Museum, University of Nebraska State


Date of this Version



Prairie Naturalist (December 1982) 14(4): 125-127.


U.S. Government author.


Biologists studying food habits of predators can often determine the prey species but not the sex of the prey from remains found at dens, in stomachs, scats, or pellets of predators. Knowledge of the sex of prey is useful in evaluating predator food habits as well as indicating sex specific differences in prey behavior.

Plains pocket gophers, Geomys bursarius, can be easily identified by the presence of two prominent grooves on the face of each upper incisor. This makes them ideal specimens for studying prey remains. In this paper, we present data that can be used to identify the sex of plains pocket gophers from the width of their incisors.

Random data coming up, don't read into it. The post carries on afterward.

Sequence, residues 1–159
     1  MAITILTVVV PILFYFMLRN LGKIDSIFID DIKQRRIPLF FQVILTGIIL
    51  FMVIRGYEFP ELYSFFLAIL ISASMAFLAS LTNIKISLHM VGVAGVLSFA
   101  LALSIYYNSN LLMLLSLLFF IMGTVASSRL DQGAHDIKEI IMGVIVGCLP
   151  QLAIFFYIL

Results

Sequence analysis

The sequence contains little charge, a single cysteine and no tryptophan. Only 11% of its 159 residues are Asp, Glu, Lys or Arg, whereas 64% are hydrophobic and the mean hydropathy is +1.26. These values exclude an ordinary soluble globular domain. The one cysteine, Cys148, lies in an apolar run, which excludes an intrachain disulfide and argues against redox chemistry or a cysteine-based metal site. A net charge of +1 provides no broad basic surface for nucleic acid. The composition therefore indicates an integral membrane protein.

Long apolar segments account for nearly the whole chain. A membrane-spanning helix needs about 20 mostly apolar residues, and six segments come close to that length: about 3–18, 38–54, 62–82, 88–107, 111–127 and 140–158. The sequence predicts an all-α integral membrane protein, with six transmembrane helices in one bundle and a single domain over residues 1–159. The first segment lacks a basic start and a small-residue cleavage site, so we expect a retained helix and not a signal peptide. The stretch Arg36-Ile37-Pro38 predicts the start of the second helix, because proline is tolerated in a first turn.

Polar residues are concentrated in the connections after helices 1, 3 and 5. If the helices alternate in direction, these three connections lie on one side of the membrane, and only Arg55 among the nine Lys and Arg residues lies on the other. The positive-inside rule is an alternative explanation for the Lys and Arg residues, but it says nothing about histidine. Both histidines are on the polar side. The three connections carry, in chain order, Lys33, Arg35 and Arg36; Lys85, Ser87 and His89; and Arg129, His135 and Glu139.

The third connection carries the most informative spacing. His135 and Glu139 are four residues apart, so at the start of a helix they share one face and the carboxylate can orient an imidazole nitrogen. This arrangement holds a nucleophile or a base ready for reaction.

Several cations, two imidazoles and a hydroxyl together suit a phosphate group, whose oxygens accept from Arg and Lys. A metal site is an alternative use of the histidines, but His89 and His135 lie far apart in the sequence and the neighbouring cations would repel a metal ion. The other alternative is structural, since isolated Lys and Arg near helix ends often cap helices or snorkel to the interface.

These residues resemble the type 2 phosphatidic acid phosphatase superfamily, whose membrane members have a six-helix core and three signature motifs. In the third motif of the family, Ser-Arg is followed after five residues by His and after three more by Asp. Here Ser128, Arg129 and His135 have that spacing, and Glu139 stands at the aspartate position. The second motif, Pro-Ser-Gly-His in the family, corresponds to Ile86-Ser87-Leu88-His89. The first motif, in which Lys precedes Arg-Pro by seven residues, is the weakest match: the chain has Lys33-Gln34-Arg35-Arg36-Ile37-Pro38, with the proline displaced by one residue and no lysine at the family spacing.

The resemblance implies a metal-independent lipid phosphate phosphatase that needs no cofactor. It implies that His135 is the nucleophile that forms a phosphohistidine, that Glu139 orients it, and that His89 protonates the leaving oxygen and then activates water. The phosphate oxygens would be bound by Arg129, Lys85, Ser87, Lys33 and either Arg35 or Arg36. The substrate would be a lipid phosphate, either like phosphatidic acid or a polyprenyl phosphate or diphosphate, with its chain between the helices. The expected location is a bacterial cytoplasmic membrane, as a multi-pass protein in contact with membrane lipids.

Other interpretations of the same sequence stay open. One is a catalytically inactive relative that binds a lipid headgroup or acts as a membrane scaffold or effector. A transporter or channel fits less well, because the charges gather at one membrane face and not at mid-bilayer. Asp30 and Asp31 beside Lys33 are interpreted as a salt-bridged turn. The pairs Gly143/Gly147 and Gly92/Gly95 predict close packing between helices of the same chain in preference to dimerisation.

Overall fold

Two subspecies of the plains pocket gopher occur in Nebraska (Jones 1964). Geomys b. lutescens occurs in the western two-thirds and G. b. majusculus occurs in the eastern third of the state. The latter is larger than the former and in each subspecies males are larger than females as indicated by total length Ganes 1964).